Music Industry

Are You Still Stealing Music? Then Watch for an Email

Okay, I’ll say it.  If you’re still stealing music, you’re stupid.  Given that high-quality, virus-free, properly tagged music is accessible for free (or very close to it), why are you wasting your time? It doesn’t make sense. And now someone is watching you.

A new change to Canadian copyright law went into effect January 1 that requires ISPs to send notices to people who are suspected of stealing copyrighted stuff.  In the past, this was a voluntary action. Now it’s the law.

ISPs also need to keep these notices on file for six months in case the owner of the copyright wants to pursue legal action and claim damages.  This means music, movies, TV shows, pirated text and software.

Consider everyone warned.

Alan Cross

is an internationally known broadcaster, interviewer, writer, consultant, blogger and speaker. In his 40+ years in the music business, Alan has interviewed the biggest names in rock, from David Bowie and U2 to Pearl Jam and the Foo Fighters. He’s also known as a musicologist and documentarian through programs like The Ongoing History of New Music.

Alan Cross has 38556 posts and counting. See all posts by Alan Cross

10 thoughts on “Are You Still Stealing Music? Then Watch for an Email

  • Have a question (that I likely know the answer to, but have always wanted to ask someone ‘in the biz’). Is it ‘stealing’ if you download the CD you’ve borrowed from the public library? Not sure if or how much an artist is compensated for their work to be placed in this public space.

    • That’s a really grey area. It’s stealing in the same sense that photocopying a book that you’ve borrowed from the library. Library use is intended as a loan, not as a way to possession.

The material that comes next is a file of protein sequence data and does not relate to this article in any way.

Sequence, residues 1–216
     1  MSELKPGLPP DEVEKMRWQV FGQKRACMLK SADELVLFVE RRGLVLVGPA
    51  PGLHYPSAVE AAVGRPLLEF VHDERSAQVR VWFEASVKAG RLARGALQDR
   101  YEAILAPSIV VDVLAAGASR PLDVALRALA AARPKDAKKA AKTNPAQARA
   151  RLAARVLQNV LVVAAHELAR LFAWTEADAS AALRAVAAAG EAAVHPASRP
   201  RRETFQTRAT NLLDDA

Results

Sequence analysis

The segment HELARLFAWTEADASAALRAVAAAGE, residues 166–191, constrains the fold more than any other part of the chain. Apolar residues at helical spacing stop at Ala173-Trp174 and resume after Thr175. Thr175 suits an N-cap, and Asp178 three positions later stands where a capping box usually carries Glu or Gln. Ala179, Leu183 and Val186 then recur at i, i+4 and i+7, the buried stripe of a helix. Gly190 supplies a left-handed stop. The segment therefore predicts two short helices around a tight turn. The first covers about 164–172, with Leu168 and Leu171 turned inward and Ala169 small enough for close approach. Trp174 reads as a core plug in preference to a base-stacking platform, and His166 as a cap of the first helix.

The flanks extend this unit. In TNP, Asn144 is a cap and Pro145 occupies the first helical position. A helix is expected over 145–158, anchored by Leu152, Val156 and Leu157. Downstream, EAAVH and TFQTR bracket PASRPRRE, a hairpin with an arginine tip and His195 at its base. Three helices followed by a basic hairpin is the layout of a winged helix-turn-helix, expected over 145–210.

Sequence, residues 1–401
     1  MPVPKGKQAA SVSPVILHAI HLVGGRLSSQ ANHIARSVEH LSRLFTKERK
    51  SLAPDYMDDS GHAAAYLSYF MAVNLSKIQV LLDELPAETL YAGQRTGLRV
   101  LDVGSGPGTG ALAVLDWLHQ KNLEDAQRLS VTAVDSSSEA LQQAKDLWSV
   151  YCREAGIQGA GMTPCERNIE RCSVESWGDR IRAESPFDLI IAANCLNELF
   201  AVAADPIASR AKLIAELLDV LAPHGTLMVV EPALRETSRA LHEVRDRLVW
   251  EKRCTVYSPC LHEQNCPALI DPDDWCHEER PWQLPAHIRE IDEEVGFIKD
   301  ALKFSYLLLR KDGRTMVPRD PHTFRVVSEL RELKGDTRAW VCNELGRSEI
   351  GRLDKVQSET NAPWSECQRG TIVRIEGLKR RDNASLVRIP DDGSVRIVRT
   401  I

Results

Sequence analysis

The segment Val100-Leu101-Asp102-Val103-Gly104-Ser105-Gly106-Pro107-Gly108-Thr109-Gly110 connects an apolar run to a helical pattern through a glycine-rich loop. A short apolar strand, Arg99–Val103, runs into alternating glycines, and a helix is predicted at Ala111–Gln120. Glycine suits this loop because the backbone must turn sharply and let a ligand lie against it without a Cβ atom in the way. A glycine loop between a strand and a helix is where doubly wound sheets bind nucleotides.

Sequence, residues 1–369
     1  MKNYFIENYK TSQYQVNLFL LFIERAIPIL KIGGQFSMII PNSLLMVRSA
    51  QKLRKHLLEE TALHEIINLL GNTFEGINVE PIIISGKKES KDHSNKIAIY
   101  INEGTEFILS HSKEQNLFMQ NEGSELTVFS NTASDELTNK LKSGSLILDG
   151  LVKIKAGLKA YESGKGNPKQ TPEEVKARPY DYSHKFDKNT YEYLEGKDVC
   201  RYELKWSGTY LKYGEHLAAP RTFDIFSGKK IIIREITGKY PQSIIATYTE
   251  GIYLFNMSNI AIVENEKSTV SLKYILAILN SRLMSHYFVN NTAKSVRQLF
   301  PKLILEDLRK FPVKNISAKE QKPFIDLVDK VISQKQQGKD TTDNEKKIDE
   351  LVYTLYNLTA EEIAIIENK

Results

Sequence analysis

• Thanks for the response. I get it and am (a little) guilty. Have downloaded in the past but tried to apply some sort of crazy ethics – i.e. ‘borrow’ and download old CD’s like, Stones and Zeppelin without thinking it’s hurting their pocketbook too much (again, my rationale, but still wrong), but I buy and download, or even better, go to a show and purchase merch from local and indie artists – and will continue to do so – way more fun. thanks again.

  • Alan, do you have any knowledge of the repercussions? I download rare and out-of-print stuff, as well as Walking Dead and Games Of Thrones on the nights when I have to work late and miss them.

    I’ve found frustratingly very little information about the changes except for the original articles on it from 2012.

    It seems pretty ludicrous to potentially have to pay some huge fine because I don’t own a DVR or want some B-sides that haven’t been in print since 1996.

    • Thanks Michael. There’s a lot of good information there.

  • The novelty of downloading disappeared for me, I buy CD’s in mass and I just did a count and last year alone I bought 127…. It means nothing to me unless I have a tangible copy.

  • All of my music is purchased. I prefer CDs and if the price is right, hi-res downloads. However, Google Play often has killer deals on albums starting from 99¢. When that happens, I pull the trigger. It’s also convenient having a copy instantly added to my library without having to rip or transcode. Plus, music purchased from Google doesn’t count towards the 20,000 song limit. At 320kbps the quality level is more than adequate for on-the-go listening, but at home I prefer a little more fidelity. This is where my grey area code of ethics kicks in; if I buy an album from Google, I torrent a FLAC version to burn onto a CD. In my (possibly wrong) mind, I’ve legally purchased the rights to this music and Google has compensated the artist at the standard rate regardless of how little they charged me. Am I justified in my actions? I Sleep pretty good at night.

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